Girls' Lacrosse Players Aim to Preserve the Non-Contact Nature of the Game According to Alanna Waters, Lacrosse Coach

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Alanna Waters, lacrosse coach, responds to introduced legislation regarding helmet use in girls' lacrosse games with the assertion that players strive to limit contact during play.

Alanna Waters lacrosse coach at Metro Lacrosse, and other members of this sport community were surprised by the introduction of a bill that would require players to wear helmets by lawmakers in the state of Maryland. According to an article published by The Washington Post, this legal measure was not put into effect; however, its development has sparked a great deal of debate among members of the lacrosse community regarding the safety of young players. Waters asserts that female athletes who are involved in this sport work to minimize contact and therefore maximize player safety throughout the game.

The article explains: "The bill, introduced on Feb. 8, called for most girls' lacrosse players under the age of 19 to wear protective headgear for all practices and games, in accordance with specifications to be set by an already-existing state concussion task force. As word circulated last week, members of the local girls' lacrosse community were quick to speak out for preserving the traditional game, which is considered non-contact."

Waters explains that girls' lacrosse is a different sport from that played by male athletes and that, traditionally, the female athletes involved in the game work to minimize physical contact. While the nature of any physical sport results in accidents and concussions and other head injuries do occur, the article notes: "Some coaches expressed concern that adding a helmet would welcome more physical play." In essence, the worry was that protecting players would invite more intense physical interaction and, ultimately, result in a higher level of injury.

"Girls' lacrosse is a game that, typically, does not involve contact between the players," comments Alanna Waters. "Lacrosse is a physical game, it is true, but more head injuries take place from players falling or running into one another than from them actually hurting each other due to intense play, such as hitting one another when interacting with the ball. I think that the lacrosse community appreciates the concern that lawmakers have for the safety of the players; however, it is important that any legal actions taken with regard to any sport consider the nature of the sport and the best ways to protect its athletes. While preventing concussions and other head injuries is certainly important, this is not necessarily the best way to go about doing it."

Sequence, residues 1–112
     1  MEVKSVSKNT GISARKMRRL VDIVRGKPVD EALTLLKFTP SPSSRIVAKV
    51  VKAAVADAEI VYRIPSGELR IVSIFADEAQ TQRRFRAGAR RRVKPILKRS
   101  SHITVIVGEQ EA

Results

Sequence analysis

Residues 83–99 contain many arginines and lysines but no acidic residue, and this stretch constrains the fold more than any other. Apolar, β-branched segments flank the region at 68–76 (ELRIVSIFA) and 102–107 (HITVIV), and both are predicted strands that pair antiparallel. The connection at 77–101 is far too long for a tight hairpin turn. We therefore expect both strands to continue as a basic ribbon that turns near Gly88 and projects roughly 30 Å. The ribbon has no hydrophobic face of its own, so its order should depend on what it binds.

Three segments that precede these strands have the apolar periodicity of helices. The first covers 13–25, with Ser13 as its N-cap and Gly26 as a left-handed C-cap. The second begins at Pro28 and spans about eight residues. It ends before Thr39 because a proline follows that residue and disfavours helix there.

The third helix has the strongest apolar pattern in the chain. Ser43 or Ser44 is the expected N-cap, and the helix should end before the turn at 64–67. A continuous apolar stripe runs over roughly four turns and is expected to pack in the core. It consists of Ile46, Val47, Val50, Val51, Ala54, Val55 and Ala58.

Waters encourages lawmakers to continue to look out for their constituents but to ensure that they partner with experts in the subject (i.e. the lacrosse coaches and organizations in the area) to better understand the nature of play before proposing further legal action.


Alanna Waters lacrosse coach and player, currently holds the position of head varsity girls' lacrosse coach at Metro Lacrosse. Through this program, Alanna Waters, lacrosse enthusiast, is able to assist urban youth in developing their athletic skills and other important life lessons.

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Michaela Smorth
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